Catholic Church Kilsyth


Father MacLachlan

This day (Ed - Aug. 24th 1882) the grave in Dunblane churchyard will close over the mortal remains of the Very Rev. Mgr. MacLachlan, D.D., Vicar-General of the Diocese of Dunkeld, who peacefully breathed his last about one a.m. on Tuesday last. Father MacLachlan was in his 79th year, and had been a priest for the period of 53 years. The deceased was born in Bellaknockan Farm, Braes of Glenlivet, in the Highlands of Banffshire, in 1804. He was first educated at the school of his native district. This locality has been remarkable for its persistent adherence to the Faith rince the Reformation, and has proved itself so fruitful nursery of devoted missionaries.

In his youth he was noted for his piety and precocious talents, in consequence of which his ecclesiastical superiors requested him to enter the seminary of Scalan, in Banffshire, where he received his preliminary training for the holy orders of priesthood. His literary studies being completed here, he went abroad to pursue his theological studies in France chiefly in Paris and in the Valley of the Medoc. To his latest day he had affectionate reminiscences of the happy early years he spent here, and many of the treasures of his extensive library were collected during his sojourn in France, and subsequent visits to Spain.

He was ordained priest in 1831, and then returned to Scotland, being attached to the diocese of Edinburgh. His first charge of importance was the cure of souls in Campsie, Kilsyth, Stirling, Falkirk, Alloa, and Linlithgow. Through this extensive district he trudged and drove at regular intervals, and so successful were his labours, that in 1838 a chapel was built in Irvine-place, Stirling. Here he then transferred his headquarters from Campsie, and the congregation being joined by a number of men in basiness, all of whom are now dead but we believe one - Mr. James Kane, Broad-street, he gathered in the scattered of the faithful. His visitations over the district were continued for many years, and about 1850 (ed - actually 1865) a priest was stationed at Kilsyth, relieving Father MacLachlan.

At Linlithgow too, a chapel was much needed, and Fr MacLachlan was transferred to Falkirk, to be nearer the advancement of his desire. While there he built two chapels--one at Linlithgow and one at Falkirk —and returned to Stirling, where the church he had left so shortly ago soon required enlargement. A school followed, and since their erection the chapel and school have been enlarged thrice and twice respectively.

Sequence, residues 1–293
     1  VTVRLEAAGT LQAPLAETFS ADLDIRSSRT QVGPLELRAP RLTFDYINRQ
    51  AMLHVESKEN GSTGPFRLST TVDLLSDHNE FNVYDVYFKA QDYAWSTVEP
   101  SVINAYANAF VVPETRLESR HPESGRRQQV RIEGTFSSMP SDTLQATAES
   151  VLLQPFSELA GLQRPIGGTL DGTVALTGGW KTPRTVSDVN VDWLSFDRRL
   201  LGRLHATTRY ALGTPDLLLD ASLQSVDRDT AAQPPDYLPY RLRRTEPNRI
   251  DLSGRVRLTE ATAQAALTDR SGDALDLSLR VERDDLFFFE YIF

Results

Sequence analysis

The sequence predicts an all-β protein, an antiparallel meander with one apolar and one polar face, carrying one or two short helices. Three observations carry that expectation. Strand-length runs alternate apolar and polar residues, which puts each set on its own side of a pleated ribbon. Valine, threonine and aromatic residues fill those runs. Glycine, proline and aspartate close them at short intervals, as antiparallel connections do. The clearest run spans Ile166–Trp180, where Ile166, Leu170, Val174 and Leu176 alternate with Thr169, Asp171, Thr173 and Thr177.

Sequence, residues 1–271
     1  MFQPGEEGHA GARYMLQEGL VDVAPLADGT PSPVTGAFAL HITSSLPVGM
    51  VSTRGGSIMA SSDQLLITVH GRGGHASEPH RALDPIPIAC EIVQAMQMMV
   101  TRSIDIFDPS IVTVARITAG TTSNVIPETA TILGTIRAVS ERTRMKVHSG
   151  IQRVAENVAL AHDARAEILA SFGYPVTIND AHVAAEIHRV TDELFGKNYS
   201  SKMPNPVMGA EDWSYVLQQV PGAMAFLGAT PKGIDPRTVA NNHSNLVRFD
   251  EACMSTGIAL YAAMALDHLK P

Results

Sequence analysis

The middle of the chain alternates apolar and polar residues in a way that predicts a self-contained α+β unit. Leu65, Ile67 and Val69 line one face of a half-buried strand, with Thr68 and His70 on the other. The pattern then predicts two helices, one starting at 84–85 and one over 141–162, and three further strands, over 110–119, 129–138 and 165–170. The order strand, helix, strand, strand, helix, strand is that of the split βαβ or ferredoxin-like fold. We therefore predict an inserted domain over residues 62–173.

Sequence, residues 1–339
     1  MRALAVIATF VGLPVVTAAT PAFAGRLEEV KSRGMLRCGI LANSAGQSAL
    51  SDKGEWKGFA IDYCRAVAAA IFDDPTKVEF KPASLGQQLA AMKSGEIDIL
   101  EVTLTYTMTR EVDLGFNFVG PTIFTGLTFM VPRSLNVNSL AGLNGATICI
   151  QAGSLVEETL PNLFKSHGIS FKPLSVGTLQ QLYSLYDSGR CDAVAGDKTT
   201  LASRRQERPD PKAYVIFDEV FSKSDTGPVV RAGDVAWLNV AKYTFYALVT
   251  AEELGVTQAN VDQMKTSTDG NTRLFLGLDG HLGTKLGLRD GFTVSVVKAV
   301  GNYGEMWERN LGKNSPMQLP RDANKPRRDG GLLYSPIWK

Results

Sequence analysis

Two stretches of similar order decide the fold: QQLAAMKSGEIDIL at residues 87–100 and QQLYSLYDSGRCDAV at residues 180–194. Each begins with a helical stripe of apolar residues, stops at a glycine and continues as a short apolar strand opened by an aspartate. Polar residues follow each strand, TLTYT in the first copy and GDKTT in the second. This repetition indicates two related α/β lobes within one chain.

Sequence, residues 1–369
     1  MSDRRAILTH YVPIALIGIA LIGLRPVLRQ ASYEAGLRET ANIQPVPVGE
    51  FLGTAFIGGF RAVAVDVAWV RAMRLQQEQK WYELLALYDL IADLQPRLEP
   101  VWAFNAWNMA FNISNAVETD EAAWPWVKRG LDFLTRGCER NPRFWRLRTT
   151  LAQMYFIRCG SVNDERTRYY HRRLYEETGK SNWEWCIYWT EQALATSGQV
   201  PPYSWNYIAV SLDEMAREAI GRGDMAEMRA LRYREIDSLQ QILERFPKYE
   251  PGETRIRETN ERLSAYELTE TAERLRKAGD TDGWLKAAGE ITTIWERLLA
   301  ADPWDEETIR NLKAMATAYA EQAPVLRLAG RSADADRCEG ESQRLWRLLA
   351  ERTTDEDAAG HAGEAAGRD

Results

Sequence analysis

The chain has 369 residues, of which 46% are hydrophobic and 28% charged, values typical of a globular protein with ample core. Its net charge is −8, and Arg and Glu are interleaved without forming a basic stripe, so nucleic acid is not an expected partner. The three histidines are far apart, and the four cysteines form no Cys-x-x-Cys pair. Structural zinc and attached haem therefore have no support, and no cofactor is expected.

The arrival of a large number of Catholics at Doune turned his attention to the western distict of Perthshire, and he added that to the district he now supervised. When St. John's Episcopal Church in Alloa was closed and the congregation had flitted to the magnificent church built by the late Earl of Mar and Kellie, he at once entered into treaty for their old church. In 1869, St. Mungo's Chapel in Alloa was opened under the charge of Father Murphy, a zealous worker among the extensive Catholic population of the mining villages of Clackmannanshire.

During only one period of his lifetime up to this date, did Father MacLachlan enter into any polemical disputes. He was about the year 1846 attacked by the late Rev. Dr. Gilfillan, and Sunday after Sunday the one preached the other down. Then a newspaper war commenced, until the columns of the organ of the Free Church party refused to admit his letters, and he took to pamphleteering, followed by his able antagonist. Here the dispute ended.

In Stirling he was all along known as the gentle, courteous gentleman. He devoted his life and great talents to the sacred purpose to which they had been consecrated, and in the service of the Church he lost no opportunities of doing good to her children. Many and warm friends -did he make in his long journey in Stirling. Pleasant moments have been spent of an evening in his study, and his conversation was ample and brilliant, for he kept himself fully informed of uhat was going on in the world. This he could only do by wasting none of the moments he could snatch from the important duty of his holy office, and these he assiduously utilised.

The congregation at Donne and Deanston grew apace, and on the 7th of October, 1875, a pretty chapel dedicated to . St. Fillan and St. Alphonsus was solemnly opened at Doune by the Right Rev. Bishop Strain, of Edinburgh. Shortly after this he took up his residence in Doune, and then Dunblane came more immediately beneath his eye. About a year ago he bought a mansion at Dunblane, and converted part of the building into a nice little chapel, which would have been opened during the bygone week were it not for his sudden illness. He preached his last sermon on the 5th Aug (Ed - 1882) and took to his bed on the 8th.

In 1878, the Pope (Ed - Leo XIII) conferred on him the honour of Doctor of Divinity, and recently the dignity of Domestic Prelate. The Bishop of Dunkeld appointed him VicarGeneral several years ago. Monsignor MacLachlan, it will thus be seen, was a most successful missionary power as well as a bright ornament to the Catholic body in Presbyterian Scotland. When seized with his last illness, he was engaged with arrangements to take charge of the new mission station at Dunblane. His remains were interred at Dunblane, within the Cathedral grounds, yesterday. High Mass of Requiem was said in St. Fillan's Church at Doune, previous to the funeral procession leaving for Dunblane. The solemn service beginning at eleven o'clock a.m. The body was then carried from the church and conveyed to Dunblane Cathedral churchyard for burial.

By kind permission of The Tablet who republished an article first written for The Stirling Journal 24th Aug 1882.

 


 
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